takes his beauty sleep when the rest of the world is at work."
Malcolm thanked Mr. Rossiter cordially for this advice, and then the
Colonel came back to them; but as they walked back to the house he
stole more than one glance at the young American. The thin brown
face was both intelligent and sagacious, and there was a keen,
searching look in the brown eyes.
Why was this stranger so anxious to help him, he wondered. Was it
mere good-humour and a wish to please, or had he any private reason
of his own for desiring to break off this engagement? Had Leah
Jacobi's strange beauty ensnared him too? He seemed to know her
habits as though he were a constant visitor in Gresham Gardens. But
his cool, impassive manner gave no clue to his feelings, and at this
stage of the proceedings Malcolm was not to be enlightened. They
parted in the friendliest manner. "Good luck to you, Mr. Herrick,"
he said cordially; "don't forget my straight tip."
Mrs. Godfrey walked with Malcolm to the station. She wanted a few
last words, she said, and her mankind had had their innings.
"There is one thing you must do, if Cedric refuses to listen to
reason," she said very seriously to him; "you must go down to
Staplegrove and tell his sisters every-thing."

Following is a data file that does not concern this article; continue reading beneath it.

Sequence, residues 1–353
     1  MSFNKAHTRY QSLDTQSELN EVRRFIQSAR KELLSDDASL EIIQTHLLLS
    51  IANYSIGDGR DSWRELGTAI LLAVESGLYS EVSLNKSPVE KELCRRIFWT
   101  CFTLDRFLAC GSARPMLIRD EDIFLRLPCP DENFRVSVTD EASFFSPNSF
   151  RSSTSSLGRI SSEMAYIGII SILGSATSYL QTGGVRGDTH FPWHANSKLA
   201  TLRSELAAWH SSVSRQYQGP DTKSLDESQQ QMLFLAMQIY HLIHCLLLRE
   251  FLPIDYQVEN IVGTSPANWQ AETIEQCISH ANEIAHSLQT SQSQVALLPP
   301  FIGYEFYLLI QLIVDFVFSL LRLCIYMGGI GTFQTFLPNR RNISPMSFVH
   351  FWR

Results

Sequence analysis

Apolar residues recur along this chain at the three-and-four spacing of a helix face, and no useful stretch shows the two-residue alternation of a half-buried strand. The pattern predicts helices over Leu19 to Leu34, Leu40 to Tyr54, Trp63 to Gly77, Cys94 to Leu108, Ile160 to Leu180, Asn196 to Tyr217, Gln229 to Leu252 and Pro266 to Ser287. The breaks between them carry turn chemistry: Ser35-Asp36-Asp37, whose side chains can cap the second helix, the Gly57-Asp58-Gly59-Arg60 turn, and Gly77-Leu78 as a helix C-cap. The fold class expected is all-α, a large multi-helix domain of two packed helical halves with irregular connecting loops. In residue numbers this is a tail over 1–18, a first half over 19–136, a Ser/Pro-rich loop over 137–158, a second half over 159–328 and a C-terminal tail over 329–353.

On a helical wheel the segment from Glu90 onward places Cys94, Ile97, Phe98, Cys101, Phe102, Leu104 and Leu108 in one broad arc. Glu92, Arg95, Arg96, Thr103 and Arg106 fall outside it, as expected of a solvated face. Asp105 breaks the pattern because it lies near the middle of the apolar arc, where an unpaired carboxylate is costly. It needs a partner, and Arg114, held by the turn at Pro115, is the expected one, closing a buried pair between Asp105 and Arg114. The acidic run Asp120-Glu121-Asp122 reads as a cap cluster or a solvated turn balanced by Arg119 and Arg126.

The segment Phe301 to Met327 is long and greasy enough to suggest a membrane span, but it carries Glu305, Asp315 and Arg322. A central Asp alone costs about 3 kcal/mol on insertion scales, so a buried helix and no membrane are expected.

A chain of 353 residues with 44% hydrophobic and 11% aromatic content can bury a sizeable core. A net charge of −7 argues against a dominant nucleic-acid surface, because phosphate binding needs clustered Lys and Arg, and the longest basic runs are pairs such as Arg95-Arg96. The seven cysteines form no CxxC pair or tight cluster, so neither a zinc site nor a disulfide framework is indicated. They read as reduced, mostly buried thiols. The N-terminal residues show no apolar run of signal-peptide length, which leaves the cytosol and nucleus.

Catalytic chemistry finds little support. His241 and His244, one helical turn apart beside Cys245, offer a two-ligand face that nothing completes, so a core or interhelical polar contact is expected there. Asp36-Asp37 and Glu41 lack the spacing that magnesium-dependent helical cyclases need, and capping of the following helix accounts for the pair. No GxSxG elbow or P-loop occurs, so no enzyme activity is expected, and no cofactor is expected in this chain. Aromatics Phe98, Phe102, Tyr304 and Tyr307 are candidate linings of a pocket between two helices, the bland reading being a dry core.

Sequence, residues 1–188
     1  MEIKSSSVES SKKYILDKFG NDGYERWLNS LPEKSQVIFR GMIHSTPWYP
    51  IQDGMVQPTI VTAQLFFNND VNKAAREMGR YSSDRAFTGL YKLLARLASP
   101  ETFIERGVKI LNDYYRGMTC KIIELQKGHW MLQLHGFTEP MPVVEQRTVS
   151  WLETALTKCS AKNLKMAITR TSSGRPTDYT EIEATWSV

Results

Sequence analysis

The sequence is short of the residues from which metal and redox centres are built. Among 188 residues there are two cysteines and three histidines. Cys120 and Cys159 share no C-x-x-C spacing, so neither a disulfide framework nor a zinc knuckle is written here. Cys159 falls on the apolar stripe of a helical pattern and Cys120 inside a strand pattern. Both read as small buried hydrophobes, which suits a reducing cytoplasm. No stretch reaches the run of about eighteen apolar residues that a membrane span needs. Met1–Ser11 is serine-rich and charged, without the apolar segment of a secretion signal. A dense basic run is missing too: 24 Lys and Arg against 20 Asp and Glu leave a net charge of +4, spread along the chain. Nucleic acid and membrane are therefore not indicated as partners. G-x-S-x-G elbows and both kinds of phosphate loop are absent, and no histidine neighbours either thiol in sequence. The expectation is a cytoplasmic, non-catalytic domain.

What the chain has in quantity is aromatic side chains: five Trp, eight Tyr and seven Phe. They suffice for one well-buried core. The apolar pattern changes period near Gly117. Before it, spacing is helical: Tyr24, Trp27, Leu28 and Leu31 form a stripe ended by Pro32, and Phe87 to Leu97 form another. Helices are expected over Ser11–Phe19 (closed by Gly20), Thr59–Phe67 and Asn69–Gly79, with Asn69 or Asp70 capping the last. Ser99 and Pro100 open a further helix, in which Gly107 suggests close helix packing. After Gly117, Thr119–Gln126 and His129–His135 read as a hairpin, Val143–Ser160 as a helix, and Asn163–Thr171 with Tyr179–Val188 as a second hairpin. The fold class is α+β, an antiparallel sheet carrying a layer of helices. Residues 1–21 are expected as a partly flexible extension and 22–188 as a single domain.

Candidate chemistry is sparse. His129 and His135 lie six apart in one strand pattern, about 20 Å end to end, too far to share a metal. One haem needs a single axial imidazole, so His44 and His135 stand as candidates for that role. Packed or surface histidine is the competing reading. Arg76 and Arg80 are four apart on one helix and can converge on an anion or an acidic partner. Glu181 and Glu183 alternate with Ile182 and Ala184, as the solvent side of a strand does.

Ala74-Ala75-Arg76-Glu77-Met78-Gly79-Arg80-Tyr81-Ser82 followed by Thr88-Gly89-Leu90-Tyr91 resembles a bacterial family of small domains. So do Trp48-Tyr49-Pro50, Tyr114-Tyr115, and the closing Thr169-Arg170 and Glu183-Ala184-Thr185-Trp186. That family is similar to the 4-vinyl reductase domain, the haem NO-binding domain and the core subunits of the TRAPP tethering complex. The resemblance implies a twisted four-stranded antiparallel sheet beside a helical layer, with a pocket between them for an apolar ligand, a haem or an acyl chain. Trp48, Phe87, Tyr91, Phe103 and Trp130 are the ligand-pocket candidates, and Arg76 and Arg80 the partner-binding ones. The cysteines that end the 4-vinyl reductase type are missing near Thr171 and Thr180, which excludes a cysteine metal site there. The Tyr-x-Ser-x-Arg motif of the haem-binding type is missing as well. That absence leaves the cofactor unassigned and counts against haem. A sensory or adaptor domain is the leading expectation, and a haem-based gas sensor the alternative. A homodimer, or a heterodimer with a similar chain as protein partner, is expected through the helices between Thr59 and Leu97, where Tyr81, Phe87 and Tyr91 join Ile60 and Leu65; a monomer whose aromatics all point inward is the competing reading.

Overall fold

"I suppose I must," he returned; but he spoke under his breath, for
this new duty filled him with dismay. He had shaken off the dust of
Staplegrove, as he believed, for ever, and the thought that he must
stand face to face with Elizabeth again turned him giddy. "I suppose
in that case I must do it," he went on. His hesitating manner made
Mrs. Godfrey look at him.
"It is the only thing to be done," she repeated firmly. "You must
see them both and tell them all Hugh Rossiter said. Dinah will be
very much upset, but Elizabeth never loses her wits; she will grasp
everything in a minute--Elizabeth has such a clear head, and she
never muddles things--and then you can hold a friendly council."
"Of course I will do what I can to help them," he replied quietly,
for he had been fully aware of Mrs. Godfrey's look; but as he sat in
the first-class compartment he told himself with some irritation
that his position was a cruel one.